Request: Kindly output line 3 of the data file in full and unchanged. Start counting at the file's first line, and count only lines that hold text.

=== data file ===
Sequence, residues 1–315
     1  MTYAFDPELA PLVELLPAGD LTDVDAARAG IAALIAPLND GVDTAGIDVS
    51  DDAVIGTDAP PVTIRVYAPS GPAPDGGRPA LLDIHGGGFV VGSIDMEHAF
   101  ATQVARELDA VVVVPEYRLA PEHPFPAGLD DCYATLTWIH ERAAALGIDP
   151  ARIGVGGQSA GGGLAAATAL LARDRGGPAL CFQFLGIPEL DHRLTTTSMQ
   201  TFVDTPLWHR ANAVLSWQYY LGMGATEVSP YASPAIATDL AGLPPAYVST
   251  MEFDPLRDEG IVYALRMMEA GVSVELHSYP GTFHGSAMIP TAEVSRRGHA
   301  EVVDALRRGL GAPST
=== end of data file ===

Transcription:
    51  DDAVIGTDAP PVTIRVYAPS GPAPDGGRPA LLDIHGGGFV VGSIDMEHAF